When going into a headshot session, many times actors aren’t thinking about how they can make the production phase of choosing talent easier for a casting director. I find that actors tend to spend a lot of time thinking of how attractive or confident they want to appear in a photo, ignoring all the other layers of who they authentically are. While looking your best can be an aspect of the headshot, we can’t forget that overall, you are selling yourself as…an actor. To go further, you are selling a relate-able, marketable representation of your personality and character. Ignoring this is why some people don’t look like their headshots.
To a casting director, meeting the actor who looks nothing like their headshot feels exactly like the time you met that girl or guy on your favorite dating website. You walked into the crowded restaurant, excited and hopeful about your future together. You heard your name called. Your eyes started to twinkle with that giant smile and confidence you practiced with your best friend before the date. You turned around and they look exactly like their picture…10 years ago… when they had a full set of teeth. You felt lied to. Betrayed! You pretended to get an emergency phone call while running from the restaurant, called your best friend, and swore off online dating forever.
While a bad date can be a funny story to tell your friends, a casting director relies on a headshot to organize casting sessions, pitch ideas to their employers, and do their jobs. You must look like your headshot.
A headshot is a marketing tool that represents your first opportunity to greet the casting director. When you are hiring a headshot photographer, you don’t just want someone who needed some extra money and therefore learned how to set up lights and push a button. Even though a photographer’s website may have very pretty pictures, taking the picture is only 25 percent of the process. A great headshot photographer is going to take an interest in creating the most accurate first impression of you. When viewing headshots on a photographer’s website, you should learn something about the actor’s personality within a glance. A gallery of well-lit people who know how to show their teeth or stare like stoic deer in headlights is not what you are looking for.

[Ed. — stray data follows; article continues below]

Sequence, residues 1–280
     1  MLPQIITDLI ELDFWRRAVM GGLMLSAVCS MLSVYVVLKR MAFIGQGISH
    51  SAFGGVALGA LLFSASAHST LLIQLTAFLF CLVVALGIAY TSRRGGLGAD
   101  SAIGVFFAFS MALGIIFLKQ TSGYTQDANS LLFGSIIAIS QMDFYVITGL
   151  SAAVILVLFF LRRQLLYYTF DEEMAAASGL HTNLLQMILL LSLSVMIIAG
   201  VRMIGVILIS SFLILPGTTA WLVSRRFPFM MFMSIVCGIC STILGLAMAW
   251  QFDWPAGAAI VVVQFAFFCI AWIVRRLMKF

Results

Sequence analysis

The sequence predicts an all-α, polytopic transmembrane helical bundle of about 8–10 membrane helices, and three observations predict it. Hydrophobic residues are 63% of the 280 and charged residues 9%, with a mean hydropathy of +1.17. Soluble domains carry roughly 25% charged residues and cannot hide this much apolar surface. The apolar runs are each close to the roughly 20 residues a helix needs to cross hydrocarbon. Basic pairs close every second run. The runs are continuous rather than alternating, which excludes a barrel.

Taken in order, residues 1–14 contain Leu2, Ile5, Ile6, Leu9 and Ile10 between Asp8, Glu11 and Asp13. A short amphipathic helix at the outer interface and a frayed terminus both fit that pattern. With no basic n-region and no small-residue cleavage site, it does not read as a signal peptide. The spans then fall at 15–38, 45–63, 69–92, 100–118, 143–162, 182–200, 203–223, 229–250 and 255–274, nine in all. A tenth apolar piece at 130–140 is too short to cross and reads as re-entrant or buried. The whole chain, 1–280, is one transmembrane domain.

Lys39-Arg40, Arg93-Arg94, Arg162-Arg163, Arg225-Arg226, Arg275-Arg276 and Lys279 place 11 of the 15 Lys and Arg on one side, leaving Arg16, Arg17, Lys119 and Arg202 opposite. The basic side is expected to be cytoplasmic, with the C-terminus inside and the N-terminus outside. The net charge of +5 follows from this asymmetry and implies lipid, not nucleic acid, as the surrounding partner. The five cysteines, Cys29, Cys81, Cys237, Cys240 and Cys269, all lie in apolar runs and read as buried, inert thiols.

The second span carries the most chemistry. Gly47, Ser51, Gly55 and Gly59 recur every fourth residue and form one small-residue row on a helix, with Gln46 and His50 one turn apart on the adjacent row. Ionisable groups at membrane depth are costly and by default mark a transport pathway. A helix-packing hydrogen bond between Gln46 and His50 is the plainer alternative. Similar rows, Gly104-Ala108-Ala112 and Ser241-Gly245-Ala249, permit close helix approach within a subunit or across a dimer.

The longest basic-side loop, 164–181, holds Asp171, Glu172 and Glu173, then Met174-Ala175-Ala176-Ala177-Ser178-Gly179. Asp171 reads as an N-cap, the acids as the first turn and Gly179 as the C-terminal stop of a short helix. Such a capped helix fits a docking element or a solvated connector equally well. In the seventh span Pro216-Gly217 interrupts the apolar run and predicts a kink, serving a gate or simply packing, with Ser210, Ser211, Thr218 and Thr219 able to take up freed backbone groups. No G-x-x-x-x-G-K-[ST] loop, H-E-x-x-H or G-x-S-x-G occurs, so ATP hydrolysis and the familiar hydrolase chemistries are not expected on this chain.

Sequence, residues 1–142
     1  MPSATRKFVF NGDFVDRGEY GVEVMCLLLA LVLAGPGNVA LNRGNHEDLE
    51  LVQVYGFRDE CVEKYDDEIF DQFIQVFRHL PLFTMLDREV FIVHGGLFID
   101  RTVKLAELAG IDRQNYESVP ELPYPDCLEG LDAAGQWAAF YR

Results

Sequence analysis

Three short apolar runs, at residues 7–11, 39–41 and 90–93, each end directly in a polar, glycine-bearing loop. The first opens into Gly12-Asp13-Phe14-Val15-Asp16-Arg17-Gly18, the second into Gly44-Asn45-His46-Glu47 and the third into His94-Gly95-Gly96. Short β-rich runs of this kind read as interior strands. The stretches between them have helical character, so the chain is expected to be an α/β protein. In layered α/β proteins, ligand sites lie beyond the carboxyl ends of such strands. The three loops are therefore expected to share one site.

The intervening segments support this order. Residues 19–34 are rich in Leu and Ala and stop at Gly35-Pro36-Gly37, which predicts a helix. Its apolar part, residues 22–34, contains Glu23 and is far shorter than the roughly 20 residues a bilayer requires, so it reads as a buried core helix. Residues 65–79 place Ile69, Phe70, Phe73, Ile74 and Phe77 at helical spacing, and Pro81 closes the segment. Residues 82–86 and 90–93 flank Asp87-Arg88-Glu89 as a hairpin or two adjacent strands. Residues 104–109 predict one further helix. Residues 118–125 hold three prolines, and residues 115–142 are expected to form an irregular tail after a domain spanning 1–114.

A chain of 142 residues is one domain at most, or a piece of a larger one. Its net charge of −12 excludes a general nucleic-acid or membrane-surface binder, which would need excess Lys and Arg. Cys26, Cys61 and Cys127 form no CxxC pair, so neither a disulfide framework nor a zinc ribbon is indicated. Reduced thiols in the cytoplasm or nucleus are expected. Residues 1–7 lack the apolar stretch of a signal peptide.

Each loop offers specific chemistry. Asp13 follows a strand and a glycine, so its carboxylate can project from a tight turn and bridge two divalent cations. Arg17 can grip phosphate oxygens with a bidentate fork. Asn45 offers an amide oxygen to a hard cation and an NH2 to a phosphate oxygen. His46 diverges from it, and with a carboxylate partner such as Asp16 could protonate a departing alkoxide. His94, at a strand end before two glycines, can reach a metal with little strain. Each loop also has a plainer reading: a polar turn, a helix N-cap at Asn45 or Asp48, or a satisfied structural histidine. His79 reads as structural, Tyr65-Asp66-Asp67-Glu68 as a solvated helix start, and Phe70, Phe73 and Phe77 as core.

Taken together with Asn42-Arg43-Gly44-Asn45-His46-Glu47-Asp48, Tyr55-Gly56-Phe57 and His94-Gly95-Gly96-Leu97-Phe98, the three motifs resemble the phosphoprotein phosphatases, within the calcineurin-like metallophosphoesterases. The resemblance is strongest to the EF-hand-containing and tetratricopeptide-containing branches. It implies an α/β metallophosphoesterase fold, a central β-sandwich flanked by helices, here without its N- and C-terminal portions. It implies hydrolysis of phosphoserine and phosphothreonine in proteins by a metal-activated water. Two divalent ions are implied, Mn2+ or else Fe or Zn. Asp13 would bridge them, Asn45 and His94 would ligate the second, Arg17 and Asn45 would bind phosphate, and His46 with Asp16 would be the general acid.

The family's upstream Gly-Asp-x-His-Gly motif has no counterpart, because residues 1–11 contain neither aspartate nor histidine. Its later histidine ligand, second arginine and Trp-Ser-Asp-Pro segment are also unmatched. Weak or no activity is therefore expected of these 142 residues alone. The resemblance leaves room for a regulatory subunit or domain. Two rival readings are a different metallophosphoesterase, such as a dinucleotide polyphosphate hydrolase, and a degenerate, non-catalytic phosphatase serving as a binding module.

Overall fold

Like an actor, a casting director, for the most part, is freelance. Like an actor, a casting director has to network and show the right person, at the right time, that they have a talent for what they do. For any given project, hundreds, if not thousands of headshots can be submitted. In this digital age, headshots come in as a page of thumbnails. If within a quick glance, the casting director learns nothing about you from your headshot, it will get mixed in with the hundreds of other submissions that share your physical type. A casting director simply doesn’t have the time, nor do they owe you the time, to figure out who you are as an actor by staring at your emotionally generic, well-lit headshot.
You will find that most working actors have a certain feel or brand. Even as the characters change, there will be some sort of through line or essence that will follow their characters. When booking a headshot session with an actor, I like to give homework to help discover marketability and elicit emotion during a session. I believe an actor should, at the very least, explore the following three questions with their photographer before a headshot session:
1. What types of projects do you want to audition for? Do you see yourself in romantic comedies? One-hour dramas? Sitcoms? Action films? Indie films?
2. What are five to 10 adjectives that describe your headshot? What words or phrases should come to mind when someone sees your headshot? Quirky best friend? Girl next door? Girl next door with a secret? Be specific.
For example, it’s not enough to say, “leading man/woman.” Are you the handsome, macho, leading man like Chris Hemsworth or the charming, quirky type like Paul Rudd? Are you the sultry, femme fatale like Angelina Jolie or the winsome and approachable girlfriend like Rachel McAdams?
3. What two working actors would you compete with or be cast in similar roles as? You want to think about what’s currently being cast. I’m not saying copy anyone. You definitely want to bring your own unique value to the table. However, if no one is buying what you are selling, you might find it a challenge to get into the audition room.
If you don’t know the answers to these questions, now is the time to start discovering. You have to ask yourself, because if you don’t know what you have to offer, why should anyone care?